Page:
2 MARZETTA: NONCOOPERATIVE CELLULAR WIRELESS WITH UNLIMITED NUMBERS OF BASE STATION ANTENNAS 359 Pilot contamination is a fundamental problem which is easy to overlook if one gratuitously assumes that channel-state information is available for free. One of the strengths of the present research is that the acquisition of CSI is treated as a central activity. B. Propagation and multiuser MIMO operation The distinguishing features of the present paper are twofold: first, the MIMO operation is multiuser rather than pointto-point, and second, an unlimited number of base station antennas serves a fixed number of single-antenna terminals. These two conditions enable us to escape limitations which the typical propagation environment would otherwise impose. The case of large numbers of antennas in the context of point-to-point MIMO operation is considered, for example, in [0], [] and [2]. These papers contrast a naive model where the propagation coefficients are uncorrelated over space (which promises, for sufficiently high signal-to-noise ratios, a capacity which grows linearly with the smaller of the number of transmit or receive antennas) and physically realistic models where the propagation coefficients are correlated over space (where the capacity grows at a sub-linear rate). However, for the multiuser MIMO operation considered in this paper the single-antenna terminals are distributed randomly over the cell, and they are typically separated by hundreds of wavelengths or more. Thus, under the propagation models in the papers cited above, the propagation vectors between the base station array and different terminals would be uncorrelated. In fact the multiuser MIMO results of this paper would hold also under line-of-sight propagation conditions because, for a sufficiently large base station array, the typical angular spacing between any two terminals would be greater than the angular Rayleigh resolution of the array, hence the propagation vectors for different terminals become asymptotically orthogonal. Consider, for example, a linear array of antennas with half-wavelength spacing in a line-of-sight environment. The propagation vector for a terminal in the far-field region of the array is exp(iπum), m =,, M, where u is the sine of the angle of the terminal with respect to the perpendicular to the array. If u is randomly distributed uniformly over the interval [, ], then it can be shown that the inner product between the propagation vectors of any two terminals has a standard deviation of M which is the same as for independent Rayleigh fading. A wireless network is considered in [3]. The propagation medium is modeled as two-dimensional, as a result of which a half-wavelength spaced regular rectangular array can only access a number of propagation degrees-of-freedom which grows as the square-root of the number of antennas. Consequently a dense wireless network has a sum-throughput which can only grow proportional to the square-root of the number of nodes. In contrast the multiuser MIMO scenario of this paper has an unlimited number of base station antennas (which could be arranged as a ring-array with half-wavelength circumferential spacing) serving a fixed number of terminals: there is no attempt to serve an increasing number of terminals as the number of base station antennas increases. In fact the maximum number of terminals which can be served is limited by the time that it takes to acquire CSI from the moving terminals. As we show later, operating with a large excess of base station antennas compared with the number of terminals is a desirable condition. The critical assumption which our analysis makes about propagation is that, as the number of base station antennas grows, the inner products between propagation vectors for different terminals grow at lesser rates than the inner products of propagation vectors with themselves. This condition holds under the propagation models cited above, and it also holds under line-of-sight conditions. This assumption would be incorrect if, for example, the terminals were located in a waveguide which had fewer normal modes than the number of terminals. C. Approach and summary of results We consider a cellular system consisting of noncooperative hexagonal cells with frequency re-use of one, three, or seven, TDD operation, Orthogonal Frequency Division Multiplexing (OFDM), and base station arrays comprising M antennas where M, where each base station serves K single-antenna terminals. The terminals are located uniformrandomly (with the exclusion of a disk centered on the base station) in the cell which services them. The propagation is a combination of fast fading (which changes over a scale of wavelength) and slow fading (log-normal and geometric decay). Neither the base station nor the terminals have prior knowledge of the channels, and all CSI is acquired from reverse-link pilots which must be scheduled, along with forward- and reverse-link data transmissions, in a coherence interval of some specified duration. Within a cell every terminal is assigned an orthogonal time-frequency pilot sequence. These same pilot sequences are re-used in other cells according to the frequency re-use factor. The base station correlates the received pilot transmissions - which are corrupted by pilot transmissions from other cells - to produce its channel estimates. We assume that all transmissions and receptions are synchronous (arguing later that, from the standpoint of pilot contamination, this constitutes the worst possible case). There is no cooperation or sharing of information among cells, and there is no power control. Forward- and reverse- multiuser MIMO transmission is employed, with the simplest sort of linear pre-coding and combining. On the forward link the base station uses a linear pre-coder which is a scaled version of the conjugate transpose of the forward channel estimate, and on the reverse link the base station combines its received antenna signals by multiplication by the conjugate transpose of the reverse channel estimate. In our analysis we let the number of antennas, M, grow without limit. We assume that the M-component fastpropagation vector between any terminal and any base station array has an L2-norm which grows as M, while the inner product between any two different propagation vectors grows more slowly to conclude that the effects of additive receiver noise and fast fading disappear, as does intra-cellular interference. The only remaining impediment is inter-cellular interference from transmissions which are associated with the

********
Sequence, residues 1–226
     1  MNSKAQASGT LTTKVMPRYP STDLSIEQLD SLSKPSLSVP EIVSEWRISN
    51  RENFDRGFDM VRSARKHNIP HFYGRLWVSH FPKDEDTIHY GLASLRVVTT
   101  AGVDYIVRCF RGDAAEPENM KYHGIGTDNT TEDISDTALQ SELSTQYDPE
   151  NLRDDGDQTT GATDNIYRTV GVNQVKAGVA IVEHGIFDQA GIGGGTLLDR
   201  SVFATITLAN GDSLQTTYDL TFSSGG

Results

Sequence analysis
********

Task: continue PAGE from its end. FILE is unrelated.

3 3592 IEEE TRANSACTIONS ON WIRELESS COMMUNICATIONS, VOL. 9, NO., NOVEMBER 200 same pilot sequence. We obtain simple expressions for the signal-to-interference ratio (SIR) which are random due to their dependence on the slow fading, and which are equal for all OFDM tones. We numerically determine the cumulative distribution functions of the forward- and reverse-sirs. We translate the SIR expressions into capacities by assuming that Gaussian signaling is employed, and by treating the intercellular interference as noise. We are interested in the meanthroughput per cell, the number of terminals which can be advantageously served in each cell, the mean-throughput per terminal, and the.95-likely throughput per terminal. Our quantitative results depend on only a few modeling parameters: the log-normal shadow fading standard deviation, the geometric attenuation exponent, and the ratio of the radius of the disk from which terminals are excluded to the radius of the cell. In addition to the numerically-derived conclusions, we obtain several mathematically-exact conclusions (subject, of course, to the limitations of the model): the throughput per cell and the number of terminals per cell are independent of the size of the cell, the spectral efficiency is independent of the bandwidth, and the required transmitted energy per bit vanishes. Several approximate conclusions hold: the optimum number of terminals to serve (from the standpoint of maximizing the mean throughput) is equal to one-half of the duration of the coherence interval divided by the delay-spread, the throughput per terminal is independent of the coherence time, the effect of doubling the coherence time is to permit twice as many terminals to be serviced, and the reverse-link performance is nearly identical to the forward-link performance, although the statistics of the SIRs are slightly different. For a scenario in which the coherence time is 500 microseconds (which could accommodate TGV - Train à Grande Vitesse - speeds), a delay spread of 4.8 microseconds, and a bandwidth of 20 megahertz, with frequency re-use of seven the forward link has the following performance: each cell can serve 42 terminals, the mean net throughput per terminal is 7 megabits/sec, the 95%-likely net throughput per terminal is 3.6 megabits/sec, and the mean net throughput per cell is 730 megabits/sec (equivalent to a spectral efficiency of 36.5 bits/sec/hz). More aggressive frequency reuse (factors of three or one) increase the mean-throughput, but decrease the 95%- likely throughput. D. Outline of Paper Section II describes the multi-cell scenario and propagation model. Section III discusses the reverse-link pilots. Sections IV and V analyze the multiuser reverse and forward data transmission as the number of base station antennas becomes infinite. The only remaining impairment is inter-cell interference due to pilot contamination. The multi-cell analysis is particularly simple, and certain parameters, including the absolute transmit powers and the absolute size of the cells, disappear from the formulation. This analysis produces closed-form expressions for effective signal-to-interference ratios (SIRs) which depend only on the random positions of the terminals and shadow-fading coefficients. In turn the SIRs translate directly into capacity expressions. Section VI numerically Ñ ¹ÐÐ ÒÑ ¹ÐÐ Fig.. The propagation coefficient between the k-th terminal in the l-th cell, and the m-th base station antenna of the j-th cell, in the n-th subcarrier, is denoted by g nmjkl. obtains cumulative distribution functions for the SIRs and capacities for a particular scenario. Section VII discusses the ramifications of our results. II. SCENARIO Our scenario entails a hexagonal cellular geometry, base stations having an unlimited number of antennas, terminals having single antennas, OFDM, time-division duplex (TDD) operation, and fast fading upon which is superimposed geometric attenuation and log-normal shadow fading. A. Hexagonal cells The cells are hexagonal with a radius (from center to vertex) of r c. Within each cell, K terminals are placed randomly, uniformly distributed over the cell, with the exclusion of a central disk of radius r h. At the center of the cell is a base station array comprising M omnidirectional antennas, where in the subsequent analysis, M grows without limit. B. OFDM We assume that OFDM is utilized. We denote the OFDM symbol interval by T s, the subcarrier spacing by Δf, the useful symbol duration by T u =/Δf, and the guard interval (duration of the cyclic prefix) by T g = T s T u. We call the reciprocal of the guard interval, when measured in subcarrier spacings, the frequency smoothness interval, N smooth =/(T g Δf). () C. Propagation For our subsequent analysis we need to describe the propagation coefficient between a single-antenna terminal in one cell, and a base station antenna in another cell. Because of TDD operation and reciprocity the propagation is the same for either a downlink or an uplink transmission. As shown in Fig., we denote the complex propagation coefficient between the m-th base station antenna in the j-th